Scientists say seven earthquakes that shook off the coast of Oregon are considered an "earthquake swarm," but they are not a signal that a bigger quake is about to happen.
● Seventh earthquake off Oregon coast occurred Monday night
● Seventh earthquake in 24-hour period
● Monday afternoon quake was largest at magnitude 5.9
● Seventh earthquake in 24-hour period
● Monday afternoon quake was largest at magnitude 5.9
The biggest quake of the day hit around 1:11 p.m.
A series of sizeable earthquakes struck off the coast of Oregon on Monday morning, but officials say no tsunamis were triggered.
Quake times and recorded magnitude
- 11:52 p.m. Sunday: 5.8M
- After midnight Monday: 4.3M
- 4:46 a.m. Monday: 5.5M
- 7:46 a.m. Monday: 4.4M
- 1:11 p.m. Monday: 5.9M
- 7:50 p.m. Monday: 3.9M
- 8:11 p.m. Monday: 4.2M
Both were about six miles deep, which is relatively shallow, Caruso said.
The deeper the quake, the less likely people will feel it.
For example, the magnitude 7.8 quake that recently struck Japan did little damage because it was 420 miles deep.
UPDATE: There have now been 7 earthquakes in the area. The two latest ones hit just before and just after 8 p.m.
#BREAKING Another earthquake hits off the Oregon coast, ringing in at a 5.9 magnitude according to preliminary reports. >> kiro.tv/OregonQuakes
This makes the fifth recorded quake off the coast in a under a day. The quakes were not big enough to trigger tsunamis.
Tuesday was an interesting day for negotiations between Athens and creditors. Recall that after venting his frustrations in a lengthy op-ed over the weekend, Greek PM Alexis Tsipras submitted what he called a “realistic plan for an agreement” ahead of an emergency meeting in Berlin between French President Francois Hollande, German Chancellor Angela Merkel, ECB chief Mario Draghi, and European Commission President Jean-Claude Juncker.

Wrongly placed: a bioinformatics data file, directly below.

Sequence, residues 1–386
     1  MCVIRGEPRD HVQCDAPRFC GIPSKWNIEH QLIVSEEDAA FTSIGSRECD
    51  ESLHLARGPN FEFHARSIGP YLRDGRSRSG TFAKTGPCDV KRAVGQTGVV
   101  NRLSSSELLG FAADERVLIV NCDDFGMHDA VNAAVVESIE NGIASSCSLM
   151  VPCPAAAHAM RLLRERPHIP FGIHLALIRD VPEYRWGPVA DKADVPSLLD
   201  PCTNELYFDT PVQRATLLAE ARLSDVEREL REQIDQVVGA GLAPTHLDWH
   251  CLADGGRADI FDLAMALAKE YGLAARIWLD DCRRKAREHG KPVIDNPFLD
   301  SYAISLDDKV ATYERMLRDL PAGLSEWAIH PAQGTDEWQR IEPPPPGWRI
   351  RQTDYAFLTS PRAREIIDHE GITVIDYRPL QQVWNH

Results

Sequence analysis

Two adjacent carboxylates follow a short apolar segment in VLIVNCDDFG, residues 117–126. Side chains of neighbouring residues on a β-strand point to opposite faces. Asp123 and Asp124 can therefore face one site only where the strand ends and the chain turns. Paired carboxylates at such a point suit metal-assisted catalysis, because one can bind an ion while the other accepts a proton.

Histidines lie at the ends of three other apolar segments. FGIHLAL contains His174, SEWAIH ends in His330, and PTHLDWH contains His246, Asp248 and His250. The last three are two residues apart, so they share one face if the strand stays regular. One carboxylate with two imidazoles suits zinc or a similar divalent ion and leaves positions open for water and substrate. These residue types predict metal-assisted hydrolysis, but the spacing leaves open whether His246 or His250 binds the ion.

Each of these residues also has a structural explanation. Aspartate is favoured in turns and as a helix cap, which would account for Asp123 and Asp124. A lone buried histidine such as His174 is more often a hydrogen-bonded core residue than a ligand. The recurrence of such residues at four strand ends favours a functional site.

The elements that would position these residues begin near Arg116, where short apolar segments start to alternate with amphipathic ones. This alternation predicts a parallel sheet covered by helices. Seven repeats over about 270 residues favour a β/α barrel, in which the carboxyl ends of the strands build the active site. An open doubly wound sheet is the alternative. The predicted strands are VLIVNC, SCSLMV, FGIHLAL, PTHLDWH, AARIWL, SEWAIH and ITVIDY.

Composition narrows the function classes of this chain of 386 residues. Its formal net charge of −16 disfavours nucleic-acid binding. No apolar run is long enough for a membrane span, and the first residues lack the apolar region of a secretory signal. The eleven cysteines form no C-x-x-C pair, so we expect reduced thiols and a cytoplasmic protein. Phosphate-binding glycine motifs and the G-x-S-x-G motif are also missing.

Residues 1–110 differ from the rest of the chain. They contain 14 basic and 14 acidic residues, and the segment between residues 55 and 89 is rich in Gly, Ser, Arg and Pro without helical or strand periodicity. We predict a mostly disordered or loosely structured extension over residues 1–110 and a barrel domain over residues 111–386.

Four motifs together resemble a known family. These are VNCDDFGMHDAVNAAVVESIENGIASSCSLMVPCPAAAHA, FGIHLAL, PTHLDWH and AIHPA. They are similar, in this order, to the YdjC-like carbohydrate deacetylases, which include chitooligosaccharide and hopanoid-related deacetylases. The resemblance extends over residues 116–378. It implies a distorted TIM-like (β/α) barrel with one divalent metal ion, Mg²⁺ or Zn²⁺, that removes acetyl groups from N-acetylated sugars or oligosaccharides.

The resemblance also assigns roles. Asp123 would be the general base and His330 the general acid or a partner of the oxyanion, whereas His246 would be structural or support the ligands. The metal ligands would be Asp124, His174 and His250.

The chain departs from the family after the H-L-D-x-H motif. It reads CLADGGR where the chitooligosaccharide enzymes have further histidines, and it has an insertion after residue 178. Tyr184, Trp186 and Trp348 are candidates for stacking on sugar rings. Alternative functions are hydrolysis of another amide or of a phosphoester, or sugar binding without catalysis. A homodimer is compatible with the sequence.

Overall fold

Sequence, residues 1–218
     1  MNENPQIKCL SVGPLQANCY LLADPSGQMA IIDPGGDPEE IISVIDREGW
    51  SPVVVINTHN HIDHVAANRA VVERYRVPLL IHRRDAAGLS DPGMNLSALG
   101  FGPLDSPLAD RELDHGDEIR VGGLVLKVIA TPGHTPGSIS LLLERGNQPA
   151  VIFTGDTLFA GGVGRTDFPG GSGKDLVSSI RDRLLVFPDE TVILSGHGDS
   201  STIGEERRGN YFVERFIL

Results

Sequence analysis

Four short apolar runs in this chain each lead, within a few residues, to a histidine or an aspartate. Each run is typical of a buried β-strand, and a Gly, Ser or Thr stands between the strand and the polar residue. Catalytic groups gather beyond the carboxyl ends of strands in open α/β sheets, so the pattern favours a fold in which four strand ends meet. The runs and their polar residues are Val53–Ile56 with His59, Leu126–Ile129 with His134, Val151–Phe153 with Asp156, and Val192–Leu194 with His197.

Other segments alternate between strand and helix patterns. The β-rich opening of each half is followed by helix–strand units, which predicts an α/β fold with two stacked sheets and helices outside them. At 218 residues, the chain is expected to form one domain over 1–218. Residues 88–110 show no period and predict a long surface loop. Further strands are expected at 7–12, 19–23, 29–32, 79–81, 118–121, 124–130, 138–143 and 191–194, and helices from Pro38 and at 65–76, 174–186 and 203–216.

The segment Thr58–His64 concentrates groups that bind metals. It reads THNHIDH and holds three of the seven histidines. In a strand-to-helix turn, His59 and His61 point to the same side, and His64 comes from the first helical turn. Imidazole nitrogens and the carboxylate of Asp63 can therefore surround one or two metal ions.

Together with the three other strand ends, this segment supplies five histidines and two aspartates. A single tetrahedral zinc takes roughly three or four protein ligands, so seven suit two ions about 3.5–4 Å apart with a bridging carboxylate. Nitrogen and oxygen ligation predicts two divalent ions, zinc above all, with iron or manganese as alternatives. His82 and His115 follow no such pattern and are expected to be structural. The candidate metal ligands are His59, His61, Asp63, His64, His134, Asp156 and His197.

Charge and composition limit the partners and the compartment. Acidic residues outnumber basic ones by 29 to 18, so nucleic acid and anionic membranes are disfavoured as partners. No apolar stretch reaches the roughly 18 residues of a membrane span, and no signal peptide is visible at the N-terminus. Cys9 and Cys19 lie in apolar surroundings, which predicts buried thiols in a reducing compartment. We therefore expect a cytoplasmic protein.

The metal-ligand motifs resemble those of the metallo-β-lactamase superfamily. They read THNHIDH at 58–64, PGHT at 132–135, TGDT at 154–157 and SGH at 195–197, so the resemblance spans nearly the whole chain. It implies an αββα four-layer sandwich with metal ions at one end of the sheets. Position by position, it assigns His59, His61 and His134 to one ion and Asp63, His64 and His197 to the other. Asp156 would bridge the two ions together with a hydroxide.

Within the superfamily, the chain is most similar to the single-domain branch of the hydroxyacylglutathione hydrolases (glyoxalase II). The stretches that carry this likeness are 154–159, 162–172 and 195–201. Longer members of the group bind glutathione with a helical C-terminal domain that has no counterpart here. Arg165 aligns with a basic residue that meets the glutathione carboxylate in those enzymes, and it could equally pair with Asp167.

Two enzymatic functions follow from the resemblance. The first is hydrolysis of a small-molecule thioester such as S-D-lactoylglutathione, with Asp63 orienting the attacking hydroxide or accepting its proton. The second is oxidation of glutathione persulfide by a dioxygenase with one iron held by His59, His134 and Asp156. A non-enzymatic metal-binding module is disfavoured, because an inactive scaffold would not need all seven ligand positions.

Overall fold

That meeting ended without any indication of concrete progress suggesting the group was either not impressed with what Tsipras had proposed or simply didn’t care and spent their time discussing a final, take it or leave it deal to send to Athens.
By Tuesday morning it was clear that the troika was well on the way to drafting their own proposal. Fed up with Greece, the institutions had apparently decided to simply draft an agreement on their terms and place on X on the line where Tsipras needed to sign if he wanted to avert a default in three days.
The troika acknowledged that the deal they were crafting would be a tough sell to the radical members of Syriza and thus would be difficult for Tsipras to get through parliament, setting up what we have predicted all along: an imminent government reshuffle.
The fact that the draft deal will contain language that forces Tsipras to concede at least a portion of Syriza’s campaign promises was later confirmed when Eurogroup President Jeroen Dijsselbloem was quoted as saying creditors would “not meet Greece halfway.”
Reuters is out with the latest, which serves as further confirmation that Tsipras will now be forced into concessions and the troika will have succeeded in using financial leverage to effect what will almost invariably be a government shakeup in Athens.
Greece's creditors on Tuesday drafted the broad lines of an agreement to put to the leftist government in Athens in a bid to conclude four months of acrimonious negotiations and release aid before the cash-strapped country runs out of money…
"It covers all key policy areas and reflects the discussions of recent weeks. It will be discussed with (Greek Prime Minister Alexis) Tsipras tomorrow," a senior EU official said.
Another official said German Chancellor Angela Merkel and French President Francois Hollande would put the plan to Tsipras by telephone within hours to try to secure his acceptance…
Tsipras, who has vowed not to surrender to more austerity, tried to pre-empt a take-it-or-leave-it offer by the creditors, sending what he called a comprehensive reform proposal to Brussels on Monday before they could complete their version.
Euro zone officials branded the Greek text insufficient and said it was not formally on the table.
The Greek leader faces a backlash from his own supporters if he has to accept cuts in pensions and job protection to avert a default and keep Greece in the euro zone.
Despite defiant rhetoric and face-saving efforts, he seems likely to have to swallow painful pension and labor reforms, facing the choice between putting them to parliament at the risk of a revolt in his Syriza party, or calling a snap referendum.
Reuters also suggests that Greece will likely not make a €300 million payment due to the IMF on Friday if Tsipras does not accept the proposal:
A Greek government official said Athens would make a 300 million euro ($329.58 million) repayment to the IMF on Friday as due if there was an agreement with the creditors, hinting it might otherwise withhold the money without saying so explicitly.